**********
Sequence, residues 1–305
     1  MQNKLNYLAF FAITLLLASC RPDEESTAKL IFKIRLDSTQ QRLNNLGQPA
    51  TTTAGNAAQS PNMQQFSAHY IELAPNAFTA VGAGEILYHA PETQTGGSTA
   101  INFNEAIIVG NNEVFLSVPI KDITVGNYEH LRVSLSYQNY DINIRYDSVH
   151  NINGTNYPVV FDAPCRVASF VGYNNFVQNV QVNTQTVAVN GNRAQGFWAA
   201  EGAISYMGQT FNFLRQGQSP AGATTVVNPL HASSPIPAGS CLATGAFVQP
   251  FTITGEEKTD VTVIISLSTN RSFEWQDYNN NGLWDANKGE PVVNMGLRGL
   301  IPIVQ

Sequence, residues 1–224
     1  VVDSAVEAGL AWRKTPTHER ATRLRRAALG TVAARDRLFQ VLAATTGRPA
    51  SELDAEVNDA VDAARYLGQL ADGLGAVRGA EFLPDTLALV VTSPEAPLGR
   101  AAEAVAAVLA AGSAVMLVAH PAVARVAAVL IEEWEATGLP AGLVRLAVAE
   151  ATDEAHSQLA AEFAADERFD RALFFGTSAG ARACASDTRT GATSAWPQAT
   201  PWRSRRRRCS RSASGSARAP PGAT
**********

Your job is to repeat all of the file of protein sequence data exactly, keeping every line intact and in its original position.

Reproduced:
Sequence, residues 1–305
     1  MQNKLNYLAF FAITLLLASC RPDEESTAKL IFKIRLDSTQ QRLNNLGQPA
    51  TTTAGNAAQS PNMQQFSAHY IELAPNAFTA VGAGEILYHA PETQTGGSTA
   101  INFNEAIIVG NNEVFLSVPI KDITVGNYEH LRVSLSYQNY DINIRYDSVH
   151  NINGTNYPVV FDAPCRVASF VGYNNFVQNV QVNTQTVAVN GNRAQGFWAA
   201  EGAISYMGQT FNFLRQGQSP AGATTVVNPL HASSPIPAGS CLATGAFVQP
   251  FTITGEEKTD VTVIISLSTN RSFEWQDYNN NGLWDANKGE PVVNMGLRGL
   301  IPIVQ

Sequence, residues 1–224
     1  VVDSAVEAGL AWRKTPTHER ATRLRRAALG TVAARDRLFQ VLAATTGRPA
    51  SELDAEVNDA VDAARYLGQL ADGLGAVRGA EFLPDTLALV VTSPEAPLGR
   101  AAEAVAAVLA AGSAVMLVAH PAVARVAAVL IEEWEATGLP AGLVRLAVAE
   151  ATDEAHSQLA AEFAADERFD RALFFGTSAG ARACASDTRT GATSAWPQAT
   201  PWRSRRRRCS RSASGSARAP PGAT